Daniel Ponce De Leon claimed Jhonny Gonzalez's WBC featherweight title with a unanimous technical decision Saturday night when their bout was stopped in the eighth round because of a cut over Gonzalez's eye.

Marcos Maidana stopped Jesus Soto Karass 43 seconds into the eighth round of a thrilling, back-and-forth welterweight bout on the undercard of Saul "Canelo" Alvarez's 154-pound title defense against Josesito Lopez.

Leo Santa Cruz also defended his IBF bantamweight title by stopping veteran Eric Morel, who quit on his stool after the fifth round.

Ponce De Leon (44-4) posted an impressive comeback win over Gonzalez despite a big cut of his own on his skull. Gonzalez had won 12 straight fights, claiming the featherweight title in April with a decision over Elio Rojas.

But Ponce De Leon, a Mexican who fights out of the Los Angeles area, is among the sport's most reliably entertaining fighters, from his long braided hair and colorful trunks to his heedless fighting style. Gonzalez fought well in the early rounds, but Ponce De Leon fought through his own cut and gradually turned the bout in his favor.

"I thought I dominated him from the first round," Ponce De Leon said. "He didn't want to fight any more (after the cut). You could tell."

Gonzalez got the nasty cut over his right eye from an accidental clash of heads in the eighth round, and the ringside doctor swiftly called off the fight. Two judges scored it 79-72 for Ponce De Leon, and the third had it 77-74.

"It was a good fight, but it was the style of the southpaw and the right-hander that caused the head butt," Gonzalez said. "I want the rematch, but in Mexico, not on my opponent's turf."

Golden Boy offered a $100,000 bonus for the best knockout victory in a show dubbed "Knockout Kings," and Maidana did his best to claim it.

Maidana (32-3, 29 KOs) and Soto Karass put on two spectacular performances in a bout that's likely to rank among the year's best. Maidana again proved to be one of the sport's most entertaining stars, even attempting to outperform his fellow Argentine, Sergio Martinez, who had his own middleweight fight down the street at the Thomas and Mack Center.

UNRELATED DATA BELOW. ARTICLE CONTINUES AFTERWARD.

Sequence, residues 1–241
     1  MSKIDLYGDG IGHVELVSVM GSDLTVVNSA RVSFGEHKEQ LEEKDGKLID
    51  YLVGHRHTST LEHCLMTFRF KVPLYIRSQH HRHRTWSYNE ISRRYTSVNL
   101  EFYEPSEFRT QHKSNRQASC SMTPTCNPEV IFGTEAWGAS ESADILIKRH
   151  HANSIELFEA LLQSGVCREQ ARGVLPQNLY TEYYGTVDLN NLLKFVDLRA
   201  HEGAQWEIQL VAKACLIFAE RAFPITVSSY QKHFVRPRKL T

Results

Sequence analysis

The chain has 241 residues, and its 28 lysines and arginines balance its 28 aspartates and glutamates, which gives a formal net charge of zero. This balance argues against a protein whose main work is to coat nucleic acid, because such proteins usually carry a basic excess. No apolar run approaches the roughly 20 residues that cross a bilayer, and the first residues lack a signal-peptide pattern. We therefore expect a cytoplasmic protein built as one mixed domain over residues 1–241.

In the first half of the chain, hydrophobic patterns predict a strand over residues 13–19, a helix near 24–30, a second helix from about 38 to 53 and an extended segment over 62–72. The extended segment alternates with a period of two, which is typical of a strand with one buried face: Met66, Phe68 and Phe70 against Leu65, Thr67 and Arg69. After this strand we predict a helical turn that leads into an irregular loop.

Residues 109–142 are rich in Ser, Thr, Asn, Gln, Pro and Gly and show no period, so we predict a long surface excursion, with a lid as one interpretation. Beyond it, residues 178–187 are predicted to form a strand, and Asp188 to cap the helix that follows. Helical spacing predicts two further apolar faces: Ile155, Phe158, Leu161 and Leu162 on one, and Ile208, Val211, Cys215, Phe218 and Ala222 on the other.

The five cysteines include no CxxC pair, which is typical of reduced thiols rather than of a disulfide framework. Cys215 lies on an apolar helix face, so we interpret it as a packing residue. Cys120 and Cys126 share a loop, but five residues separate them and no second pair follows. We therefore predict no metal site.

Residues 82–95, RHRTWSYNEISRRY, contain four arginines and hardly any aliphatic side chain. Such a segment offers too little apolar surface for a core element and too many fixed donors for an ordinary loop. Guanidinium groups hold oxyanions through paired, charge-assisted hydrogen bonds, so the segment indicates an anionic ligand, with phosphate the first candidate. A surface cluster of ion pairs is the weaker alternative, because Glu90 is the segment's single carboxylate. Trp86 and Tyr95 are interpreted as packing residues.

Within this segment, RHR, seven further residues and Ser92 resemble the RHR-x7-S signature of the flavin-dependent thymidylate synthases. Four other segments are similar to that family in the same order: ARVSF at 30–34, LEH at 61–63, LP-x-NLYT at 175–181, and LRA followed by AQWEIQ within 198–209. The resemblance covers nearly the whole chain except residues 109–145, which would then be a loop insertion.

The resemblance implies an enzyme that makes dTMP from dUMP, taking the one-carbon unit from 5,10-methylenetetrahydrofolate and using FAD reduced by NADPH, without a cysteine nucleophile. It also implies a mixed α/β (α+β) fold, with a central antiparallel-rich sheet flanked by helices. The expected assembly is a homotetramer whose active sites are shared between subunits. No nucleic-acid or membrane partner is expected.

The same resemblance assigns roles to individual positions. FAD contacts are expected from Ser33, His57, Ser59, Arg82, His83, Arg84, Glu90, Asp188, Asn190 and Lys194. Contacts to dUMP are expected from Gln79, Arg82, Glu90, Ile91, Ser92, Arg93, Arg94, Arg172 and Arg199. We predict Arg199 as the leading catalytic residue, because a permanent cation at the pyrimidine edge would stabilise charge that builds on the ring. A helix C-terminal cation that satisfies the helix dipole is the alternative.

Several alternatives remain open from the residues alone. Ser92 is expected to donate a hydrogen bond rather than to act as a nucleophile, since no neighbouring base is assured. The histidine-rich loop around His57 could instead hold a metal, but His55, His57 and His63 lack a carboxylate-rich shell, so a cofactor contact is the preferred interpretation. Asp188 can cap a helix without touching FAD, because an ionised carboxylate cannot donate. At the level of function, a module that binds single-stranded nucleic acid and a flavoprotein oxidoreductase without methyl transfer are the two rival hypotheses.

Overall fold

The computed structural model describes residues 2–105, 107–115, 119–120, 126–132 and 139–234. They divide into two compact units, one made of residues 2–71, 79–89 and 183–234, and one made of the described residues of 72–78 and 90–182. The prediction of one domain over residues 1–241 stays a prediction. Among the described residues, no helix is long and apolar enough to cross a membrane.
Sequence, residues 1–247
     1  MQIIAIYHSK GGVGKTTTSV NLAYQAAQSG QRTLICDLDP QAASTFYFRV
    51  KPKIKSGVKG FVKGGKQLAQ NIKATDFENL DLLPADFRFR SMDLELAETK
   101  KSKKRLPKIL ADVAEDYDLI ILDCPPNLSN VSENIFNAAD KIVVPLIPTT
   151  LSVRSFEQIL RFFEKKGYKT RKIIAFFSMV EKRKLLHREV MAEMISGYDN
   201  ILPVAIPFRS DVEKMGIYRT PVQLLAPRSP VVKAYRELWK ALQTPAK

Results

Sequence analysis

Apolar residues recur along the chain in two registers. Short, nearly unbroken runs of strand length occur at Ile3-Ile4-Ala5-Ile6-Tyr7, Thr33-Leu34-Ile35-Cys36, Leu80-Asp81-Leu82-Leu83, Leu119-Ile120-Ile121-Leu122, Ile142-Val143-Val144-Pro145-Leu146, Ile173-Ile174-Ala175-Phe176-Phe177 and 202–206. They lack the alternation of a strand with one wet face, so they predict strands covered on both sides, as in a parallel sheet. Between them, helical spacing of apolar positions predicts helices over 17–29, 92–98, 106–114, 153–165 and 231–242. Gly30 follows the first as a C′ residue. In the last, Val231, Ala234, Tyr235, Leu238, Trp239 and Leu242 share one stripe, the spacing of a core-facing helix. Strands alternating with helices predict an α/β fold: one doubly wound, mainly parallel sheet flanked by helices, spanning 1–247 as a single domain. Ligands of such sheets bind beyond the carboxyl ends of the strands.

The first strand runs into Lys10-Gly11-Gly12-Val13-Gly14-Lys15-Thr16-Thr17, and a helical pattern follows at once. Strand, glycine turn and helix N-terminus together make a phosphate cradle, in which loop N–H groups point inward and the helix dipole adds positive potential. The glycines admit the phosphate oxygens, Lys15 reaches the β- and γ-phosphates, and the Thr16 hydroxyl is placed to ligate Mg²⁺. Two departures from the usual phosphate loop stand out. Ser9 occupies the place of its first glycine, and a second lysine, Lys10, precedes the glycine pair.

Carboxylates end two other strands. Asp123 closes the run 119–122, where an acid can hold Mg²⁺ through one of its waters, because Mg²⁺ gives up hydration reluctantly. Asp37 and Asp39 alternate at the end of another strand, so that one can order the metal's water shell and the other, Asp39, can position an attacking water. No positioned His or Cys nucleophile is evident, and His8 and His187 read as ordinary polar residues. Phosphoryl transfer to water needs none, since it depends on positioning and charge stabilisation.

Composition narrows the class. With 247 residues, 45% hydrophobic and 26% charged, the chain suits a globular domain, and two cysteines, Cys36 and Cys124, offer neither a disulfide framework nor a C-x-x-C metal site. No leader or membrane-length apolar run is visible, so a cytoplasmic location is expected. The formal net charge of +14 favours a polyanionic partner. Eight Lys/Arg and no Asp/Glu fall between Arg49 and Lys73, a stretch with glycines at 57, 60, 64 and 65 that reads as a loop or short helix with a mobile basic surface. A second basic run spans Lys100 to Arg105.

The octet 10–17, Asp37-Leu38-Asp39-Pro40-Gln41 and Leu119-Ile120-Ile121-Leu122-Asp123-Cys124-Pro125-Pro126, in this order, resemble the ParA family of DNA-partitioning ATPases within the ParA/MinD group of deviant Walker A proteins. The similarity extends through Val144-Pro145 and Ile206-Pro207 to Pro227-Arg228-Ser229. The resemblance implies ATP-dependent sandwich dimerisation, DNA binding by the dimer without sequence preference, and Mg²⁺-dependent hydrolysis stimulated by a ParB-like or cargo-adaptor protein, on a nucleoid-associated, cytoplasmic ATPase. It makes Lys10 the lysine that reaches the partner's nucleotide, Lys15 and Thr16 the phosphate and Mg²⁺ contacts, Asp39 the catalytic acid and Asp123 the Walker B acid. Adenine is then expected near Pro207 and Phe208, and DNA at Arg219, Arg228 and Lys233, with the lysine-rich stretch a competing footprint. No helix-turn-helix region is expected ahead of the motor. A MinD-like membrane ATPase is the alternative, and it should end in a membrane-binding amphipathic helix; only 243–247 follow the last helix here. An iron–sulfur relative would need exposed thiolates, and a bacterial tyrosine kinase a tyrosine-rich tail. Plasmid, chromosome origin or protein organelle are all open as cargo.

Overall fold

"I knew he was going to be tough, but I knew I could win," Maidana said.

Maidana, a brawler who lost to Devon Alexander in his welterweight debut in February, punished Soto Karass (26-8-3) with big left hooks in the first three rounds. The fighters then got into a post-bell scuffle after the third round, with both men's trainers coming into the ring to break up the confrontation — and nearly getting into their own rumble.

Referee Kenny Bayless took points from both men for low blows and hitting out of breaks in the fourth round, and Maidana appeared to lose energy shortly afterward, allowing Soto Karass to take control.

"I didn't care when they took away the points," Maidana said. "I knew I would come back."

After another confrontation after the fifth round, Maidana got his mojo back. Bayless took another point from Maidana in the seventh round for low blows, but Maidana then put Soto Karass on the canvas late in the round with a huge right hand, sending Soto Karass partly through the ropes.

Maidana finished off Soto Karass early in the eighth, battering him with right hands and combinations until Bayless had to step in.

"It was a war like I predicted it would be, but I think the ref stopped it too soon," Soto Karass said.

Santa Cruz (21-0-1, 12 KOs), who won his title in Carson, Calif., in June, cemented his status as an up-and-coming star with five rounds of vicious punishment for Morel (46-4), who had never been stopped in his 16-year career.

Santa Cruz, a Mexican who fights out of Rosemead, Calif., battered Morel with body shots and jabs, picking apart a sturdy longtime contender. Morel, a Puerto Rican who lives in Madison, Wis., said he's considering retirement.